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I have a seriously weird problem with one of the Ubuntu 10.10 web servers I administer.

I wrote a script using ruby and rake to run some tar commands and do a mysqldump of the databases. I've installed an entry in the root users crontab like so:

0 0,12 * * * /bin/bash -l -c 'cd /my/script/path && rake backup:everything'

This is working perfectly on one of the servers. However on the other this doesn't actually seem to execute whats in my script.

I know it's getting called for definite because when I run

grep CRON /var/log/syslog

it returns:

Mar 22 12:00:01 ServerName CRON[10273]: (root) CMD (/bin/bash -l -c 'cd /my/script/path && rake backup:everything')

However it's definitely not doing whats in that script.

When I directly run the script like this:

cd /my/script/path && sudo rake backup:everything

It works perfectly.

Also I did this in the crontab of both servers:

0 0,12 * * * /bin/bash -l -c 'cd /my/script/path && rake backup:everything >> output.txt'

(as in the script I'm doing a "puts 'backing up x folder'" every so often)

On the server where the cron job is working it creates the output.txt file and puts the expected output in there like "Beginning backup" etc.

However on the server where it isn't working it only creates the file but leaves it empty. But when I copy the command from the syslog again and run it manually:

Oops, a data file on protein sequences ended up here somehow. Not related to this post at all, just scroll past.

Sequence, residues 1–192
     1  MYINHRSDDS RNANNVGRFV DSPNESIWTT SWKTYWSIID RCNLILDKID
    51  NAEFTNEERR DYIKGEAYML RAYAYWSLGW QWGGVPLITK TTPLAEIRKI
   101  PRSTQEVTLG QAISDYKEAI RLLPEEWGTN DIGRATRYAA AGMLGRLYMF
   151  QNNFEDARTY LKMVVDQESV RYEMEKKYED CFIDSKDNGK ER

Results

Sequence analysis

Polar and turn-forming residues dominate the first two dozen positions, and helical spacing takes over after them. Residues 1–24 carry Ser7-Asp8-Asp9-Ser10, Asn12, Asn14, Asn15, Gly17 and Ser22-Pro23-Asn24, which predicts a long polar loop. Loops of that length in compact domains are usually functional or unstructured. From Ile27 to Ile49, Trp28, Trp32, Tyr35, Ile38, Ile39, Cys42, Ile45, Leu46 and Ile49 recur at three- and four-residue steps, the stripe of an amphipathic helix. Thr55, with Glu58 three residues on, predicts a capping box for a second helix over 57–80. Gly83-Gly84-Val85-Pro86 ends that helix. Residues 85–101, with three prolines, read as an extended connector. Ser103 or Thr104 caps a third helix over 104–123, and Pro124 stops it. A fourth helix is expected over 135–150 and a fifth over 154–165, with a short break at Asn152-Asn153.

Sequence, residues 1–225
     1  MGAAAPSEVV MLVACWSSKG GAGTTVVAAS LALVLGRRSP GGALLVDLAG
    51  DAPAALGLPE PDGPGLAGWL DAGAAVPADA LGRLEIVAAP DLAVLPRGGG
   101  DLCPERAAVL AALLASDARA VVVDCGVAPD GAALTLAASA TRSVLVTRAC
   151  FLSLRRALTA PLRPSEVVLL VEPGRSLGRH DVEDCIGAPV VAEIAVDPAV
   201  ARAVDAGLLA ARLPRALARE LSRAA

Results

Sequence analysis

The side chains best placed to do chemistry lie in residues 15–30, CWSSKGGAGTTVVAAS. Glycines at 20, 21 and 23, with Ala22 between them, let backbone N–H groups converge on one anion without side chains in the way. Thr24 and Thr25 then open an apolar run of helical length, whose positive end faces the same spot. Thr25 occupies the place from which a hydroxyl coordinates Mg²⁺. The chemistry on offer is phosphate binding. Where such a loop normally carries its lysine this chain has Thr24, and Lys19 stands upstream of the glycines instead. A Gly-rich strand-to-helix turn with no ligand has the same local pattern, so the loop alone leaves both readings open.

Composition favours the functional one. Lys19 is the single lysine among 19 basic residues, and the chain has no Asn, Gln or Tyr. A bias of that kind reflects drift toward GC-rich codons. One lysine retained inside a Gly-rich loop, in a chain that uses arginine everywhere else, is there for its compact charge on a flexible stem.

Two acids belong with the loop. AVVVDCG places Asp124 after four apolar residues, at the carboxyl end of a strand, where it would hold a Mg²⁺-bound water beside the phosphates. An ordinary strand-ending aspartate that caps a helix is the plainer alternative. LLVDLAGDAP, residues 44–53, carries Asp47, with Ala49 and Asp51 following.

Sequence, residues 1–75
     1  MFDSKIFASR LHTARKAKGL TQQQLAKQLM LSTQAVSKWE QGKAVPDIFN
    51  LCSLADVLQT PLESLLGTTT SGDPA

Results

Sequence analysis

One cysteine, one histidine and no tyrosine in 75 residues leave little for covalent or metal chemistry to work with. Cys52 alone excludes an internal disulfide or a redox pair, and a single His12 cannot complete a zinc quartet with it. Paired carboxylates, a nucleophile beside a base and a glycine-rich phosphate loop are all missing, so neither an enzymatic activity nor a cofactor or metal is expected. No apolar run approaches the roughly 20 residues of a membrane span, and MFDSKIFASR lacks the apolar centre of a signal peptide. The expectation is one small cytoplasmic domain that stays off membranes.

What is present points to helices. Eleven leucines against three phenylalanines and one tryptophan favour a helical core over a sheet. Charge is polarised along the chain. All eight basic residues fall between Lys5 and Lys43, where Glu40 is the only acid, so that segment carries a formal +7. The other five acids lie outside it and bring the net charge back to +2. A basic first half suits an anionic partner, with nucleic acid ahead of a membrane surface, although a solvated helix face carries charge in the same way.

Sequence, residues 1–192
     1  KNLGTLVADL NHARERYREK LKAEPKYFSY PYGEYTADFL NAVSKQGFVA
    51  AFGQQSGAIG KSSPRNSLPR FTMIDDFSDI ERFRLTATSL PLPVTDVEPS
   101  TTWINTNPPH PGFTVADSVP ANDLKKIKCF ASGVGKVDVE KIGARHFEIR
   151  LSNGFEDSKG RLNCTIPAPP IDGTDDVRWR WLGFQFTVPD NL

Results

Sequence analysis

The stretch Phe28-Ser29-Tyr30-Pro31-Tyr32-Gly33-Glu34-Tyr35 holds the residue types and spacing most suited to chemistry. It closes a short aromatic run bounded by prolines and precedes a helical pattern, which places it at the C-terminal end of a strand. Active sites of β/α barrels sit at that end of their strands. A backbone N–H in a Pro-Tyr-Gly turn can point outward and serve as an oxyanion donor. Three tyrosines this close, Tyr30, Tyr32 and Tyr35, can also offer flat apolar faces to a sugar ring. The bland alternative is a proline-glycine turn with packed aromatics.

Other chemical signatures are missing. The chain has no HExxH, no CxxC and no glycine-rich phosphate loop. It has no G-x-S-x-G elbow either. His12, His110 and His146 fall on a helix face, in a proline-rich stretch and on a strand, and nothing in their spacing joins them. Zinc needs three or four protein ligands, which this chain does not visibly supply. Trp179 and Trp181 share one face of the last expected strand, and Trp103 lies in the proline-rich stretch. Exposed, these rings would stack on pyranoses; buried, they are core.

sudo /bin/bash -l -c 'cd /my/script/path && rake backup:everything >> output.txt'

It works fine and the output is as expected.

I may be clutching at straws now but could it be anything to do with this:

CRON[10271]: (root) MAIL (mailed 55 bytes of output but got status 0x004b#012)

This appears in the syslog after every cron call. I only really have this cron job and another small one to update the system clock, but from the looks of it none of them are working correctly.

Is an incorrect mail configuration killing my cron jobs? Is that even possible?

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marked as duplicate by Iain, Tom O'Connor May 13 at 14:21

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2 Answers

up vote 5 down vote accepted

You should provide the full path to rake in the cron line. Something like:

/sbin/rake or wherever it actually lives.

If the path that rake lives in isn't in you root user path it won't be able to run.

If it is mail you should see something in the mail log. Check there.

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Beautiful.. Thanks, I forgot the server it wasn't working on is used primarily for hosting ruby on rails applications while the other is used for PHP.. so i recently installed ruby and rake in the default locations on the PHP server just for this script and i must have done it differently for rails.. because "which rake" on the rails server returns: /usr/local/bin/rake and on the PHP server returned /usr/bin/rake.. Anyway.. I'm boring you! thanks! –  Daniel Upton Mar 22 '11 at 15:31
    
Glad I could help out! –  Mike Mar 22 '11 at 16:08
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When you dealing with cron always consider environment variables. You'd better run bash script which imports environment variables (source) and run your command.

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